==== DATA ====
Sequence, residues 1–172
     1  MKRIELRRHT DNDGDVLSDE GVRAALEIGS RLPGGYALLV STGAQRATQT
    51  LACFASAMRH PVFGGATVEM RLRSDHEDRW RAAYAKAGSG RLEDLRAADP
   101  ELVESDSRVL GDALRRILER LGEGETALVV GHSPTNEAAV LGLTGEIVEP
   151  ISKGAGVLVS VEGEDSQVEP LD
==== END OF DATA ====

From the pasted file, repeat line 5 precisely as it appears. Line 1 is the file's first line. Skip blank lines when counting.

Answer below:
   151  ISKGAGVLVS VEGEDSQVEP LD